A woman wearing a mask walks past a COVID-19 exit here sign on NYU's Kimmel Center for University Life as the city continues Phase 4 of re-opening following restrictions imposed to slow the spread of coronavirus on August 19, 2020 in New York City. The University of Alabama (UA) made clear its quarantine and isolation protocols on August 28, the same day the school announced it has had more than 1,000 students test positive for coronavirus since classes resumed August 19. Alexi Rosenfeld/Getty

By Monday, Tuscaloosa Mayor Walt Maddox had signed an executive order closing all bars in the city (home to UA) for two weeks in an effort to help slow the spread of coronavirus. Additionally, bar service at restaurants would be suspended.

Maddox said his order resulted from conversations he had with UA officials, citing the mutually beneficial relationship between the city and the university.

"The ever-increasing number cases of coronavirus on campus will create two major disruptions for the city of Tuscaloosa if left unabated," Maddox said during a press conference Monday. "The first is to our healthcare system. From the start, the city has taken decisive action to protect DCH [Health System]. This has been our North star. The second disruption has been to our economy. UA has a $2 billion economic impact on our metro and thousands of our citizens depend on the jobs that UA provides. I know this is not easy. I know the coronavirus has taken so much but we must finish the job."

DCH in Tuscaloosa reported Friday that it had 55 inpatients being treated for coronavirus, but does not note their ages. This number is the lowest total so far in August, as the number of patients peaked August 4 with 106, according to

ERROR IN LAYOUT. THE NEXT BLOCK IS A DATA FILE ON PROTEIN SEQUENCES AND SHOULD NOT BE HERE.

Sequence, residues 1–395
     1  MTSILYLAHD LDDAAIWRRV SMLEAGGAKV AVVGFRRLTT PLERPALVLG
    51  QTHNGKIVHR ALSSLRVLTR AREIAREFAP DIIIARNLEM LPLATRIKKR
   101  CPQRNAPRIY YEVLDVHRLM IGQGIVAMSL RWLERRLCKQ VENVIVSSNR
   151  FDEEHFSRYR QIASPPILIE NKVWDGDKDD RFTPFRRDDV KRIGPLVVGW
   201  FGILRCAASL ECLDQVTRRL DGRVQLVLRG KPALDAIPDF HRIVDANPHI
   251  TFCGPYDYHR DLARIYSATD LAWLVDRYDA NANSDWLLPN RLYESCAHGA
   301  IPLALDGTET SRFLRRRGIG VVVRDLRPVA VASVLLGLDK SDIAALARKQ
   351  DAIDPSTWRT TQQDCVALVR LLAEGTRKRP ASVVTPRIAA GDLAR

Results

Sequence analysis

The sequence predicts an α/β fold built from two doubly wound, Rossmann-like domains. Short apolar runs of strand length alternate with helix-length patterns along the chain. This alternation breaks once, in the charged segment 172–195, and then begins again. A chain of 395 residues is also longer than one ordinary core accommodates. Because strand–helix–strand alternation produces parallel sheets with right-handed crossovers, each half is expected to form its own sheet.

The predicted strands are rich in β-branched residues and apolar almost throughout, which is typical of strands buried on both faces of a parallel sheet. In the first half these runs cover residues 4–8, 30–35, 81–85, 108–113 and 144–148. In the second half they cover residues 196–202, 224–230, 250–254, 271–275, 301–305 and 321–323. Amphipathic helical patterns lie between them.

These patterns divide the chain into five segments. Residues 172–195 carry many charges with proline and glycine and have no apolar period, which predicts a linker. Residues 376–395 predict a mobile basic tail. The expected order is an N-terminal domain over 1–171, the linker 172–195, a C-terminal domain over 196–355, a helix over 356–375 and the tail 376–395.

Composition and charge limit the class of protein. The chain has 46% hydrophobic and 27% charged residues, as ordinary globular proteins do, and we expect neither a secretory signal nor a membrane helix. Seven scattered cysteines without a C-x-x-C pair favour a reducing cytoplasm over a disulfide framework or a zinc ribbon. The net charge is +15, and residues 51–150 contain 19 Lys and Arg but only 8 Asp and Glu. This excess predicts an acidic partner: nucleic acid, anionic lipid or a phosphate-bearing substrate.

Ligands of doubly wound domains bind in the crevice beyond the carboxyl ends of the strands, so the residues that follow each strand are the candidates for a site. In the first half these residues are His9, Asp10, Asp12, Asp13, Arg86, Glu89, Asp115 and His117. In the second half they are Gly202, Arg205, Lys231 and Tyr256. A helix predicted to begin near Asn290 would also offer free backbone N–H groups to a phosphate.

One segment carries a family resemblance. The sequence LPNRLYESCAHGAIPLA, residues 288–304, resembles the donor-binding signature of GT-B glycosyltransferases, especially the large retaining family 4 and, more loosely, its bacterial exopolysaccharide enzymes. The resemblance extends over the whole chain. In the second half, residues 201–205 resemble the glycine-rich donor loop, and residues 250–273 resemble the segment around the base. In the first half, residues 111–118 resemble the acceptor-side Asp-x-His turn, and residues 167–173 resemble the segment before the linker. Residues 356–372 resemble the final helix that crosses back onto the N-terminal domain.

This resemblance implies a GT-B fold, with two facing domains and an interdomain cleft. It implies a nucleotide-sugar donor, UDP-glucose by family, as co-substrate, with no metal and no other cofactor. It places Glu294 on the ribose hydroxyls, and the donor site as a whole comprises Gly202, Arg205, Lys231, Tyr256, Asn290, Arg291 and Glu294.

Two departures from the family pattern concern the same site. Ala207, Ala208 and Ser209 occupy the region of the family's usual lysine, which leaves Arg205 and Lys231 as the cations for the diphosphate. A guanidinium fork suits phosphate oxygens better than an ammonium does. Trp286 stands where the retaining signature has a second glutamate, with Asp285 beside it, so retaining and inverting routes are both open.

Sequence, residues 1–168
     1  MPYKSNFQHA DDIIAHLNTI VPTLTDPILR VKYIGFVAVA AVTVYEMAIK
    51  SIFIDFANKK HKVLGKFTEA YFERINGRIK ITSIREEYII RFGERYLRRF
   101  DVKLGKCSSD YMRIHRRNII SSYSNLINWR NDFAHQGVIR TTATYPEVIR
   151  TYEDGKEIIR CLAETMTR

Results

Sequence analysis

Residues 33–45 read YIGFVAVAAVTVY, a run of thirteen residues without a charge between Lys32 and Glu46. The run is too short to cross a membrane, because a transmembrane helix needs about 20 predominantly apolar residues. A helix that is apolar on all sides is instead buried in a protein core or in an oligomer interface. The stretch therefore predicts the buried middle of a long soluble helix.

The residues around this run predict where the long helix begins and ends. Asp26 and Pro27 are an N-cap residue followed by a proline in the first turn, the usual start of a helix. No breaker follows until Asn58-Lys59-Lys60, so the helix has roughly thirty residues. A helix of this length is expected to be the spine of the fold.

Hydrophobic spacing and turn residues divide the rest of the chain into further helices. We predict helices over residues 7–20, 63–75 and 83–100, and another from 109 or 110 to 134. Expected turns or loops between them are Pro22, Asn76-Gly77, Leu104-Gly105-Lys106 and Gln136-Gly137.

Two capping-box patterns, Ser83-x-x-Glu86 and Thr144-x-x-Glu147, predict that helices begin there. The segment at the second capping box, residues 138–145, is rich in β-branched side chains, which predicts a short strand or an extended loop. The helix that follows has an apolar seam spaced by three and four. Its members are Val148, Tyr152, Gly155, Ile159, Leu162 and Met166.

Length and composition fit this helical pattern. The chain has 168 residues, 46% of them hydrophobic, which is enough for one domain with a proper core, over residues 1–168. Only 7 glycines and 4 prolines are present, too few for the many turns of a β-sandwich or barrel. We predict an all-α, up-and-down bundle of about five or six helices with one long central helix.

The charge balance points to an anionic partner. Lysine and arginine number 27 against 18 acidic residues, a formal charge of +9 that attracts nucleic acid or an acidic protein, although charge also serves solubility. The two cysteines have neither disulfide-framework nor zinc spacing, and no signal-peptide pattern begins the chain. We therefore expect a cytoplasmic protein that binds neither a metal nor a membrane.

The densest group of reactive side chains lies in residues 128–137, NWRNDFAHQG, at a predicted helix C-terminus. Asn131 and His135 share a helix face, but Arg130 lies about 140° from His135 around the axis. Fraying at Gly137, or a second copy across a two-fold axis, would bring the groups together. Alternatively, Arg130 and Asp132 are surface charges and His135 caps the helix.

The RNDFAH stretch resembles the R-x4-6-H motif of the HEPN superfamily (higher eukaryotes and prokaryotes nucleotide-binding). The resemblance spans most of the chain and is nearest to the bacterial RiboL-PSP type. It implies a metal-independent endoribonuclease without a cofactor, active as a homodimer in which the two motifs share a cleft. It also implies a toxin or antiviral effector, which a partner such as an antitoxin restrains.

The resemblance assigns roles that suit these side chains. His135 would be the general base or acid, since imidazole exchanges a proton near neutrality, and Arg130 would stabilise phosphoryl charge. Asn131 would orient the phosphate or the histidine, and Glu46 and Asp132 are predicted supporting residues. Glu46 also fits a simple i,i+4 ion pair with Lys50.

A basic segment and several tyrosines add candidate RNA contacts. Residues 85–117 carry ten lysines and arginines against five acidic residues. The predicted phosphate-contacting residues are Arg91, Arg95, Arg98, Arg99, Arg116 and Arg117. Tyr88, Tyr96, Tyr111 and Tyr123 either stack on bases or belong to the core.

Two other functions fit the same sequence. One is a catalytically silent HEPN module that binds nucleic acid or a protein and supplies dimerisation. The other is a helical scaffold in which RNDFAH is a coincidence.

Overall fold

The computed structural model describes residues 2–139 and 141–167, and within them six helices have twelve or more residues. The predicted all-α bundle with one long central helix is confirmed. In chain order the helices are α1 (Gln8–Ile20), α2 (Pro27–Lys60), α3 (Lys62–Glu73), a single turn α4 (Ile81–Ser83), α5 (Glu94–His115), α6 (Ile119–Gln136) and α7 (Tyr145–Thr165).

Several large, public universities in North Carolina recently announced they would revert to online learning following COVID-19 outbreaks within the first weeks of attempting in-person classes.

The University of North Carolina at Chapel Hill announced August 17, just one week after students began classes, that it would send students home after its testing positivity rate rose from 2.8 percent to 13.6 percent. The university is reporting a total of 1,025 positive coronavirus cases since February 2020.

East Carolina University (ECU) abruptly switched to online learning Sunday after a "rapid acceleration" of coronavirus cases were discovered within the previous week. According to data last updated August 24, one day after administrators announced it would move online, ECU reported 392 cumulative total coronavirus cases among students and faculty members since early June.

North Carolina State University announced August 20 it would also move all its undergraduate classes online for the remainder of the fall semester, citing an alarming increase in case numbers and students placed in quarantine. As of August 26, the university reported 739 total positive cases.

Update 5:08 p.m. ET: This article has been updated to include comments from the University of Alabama.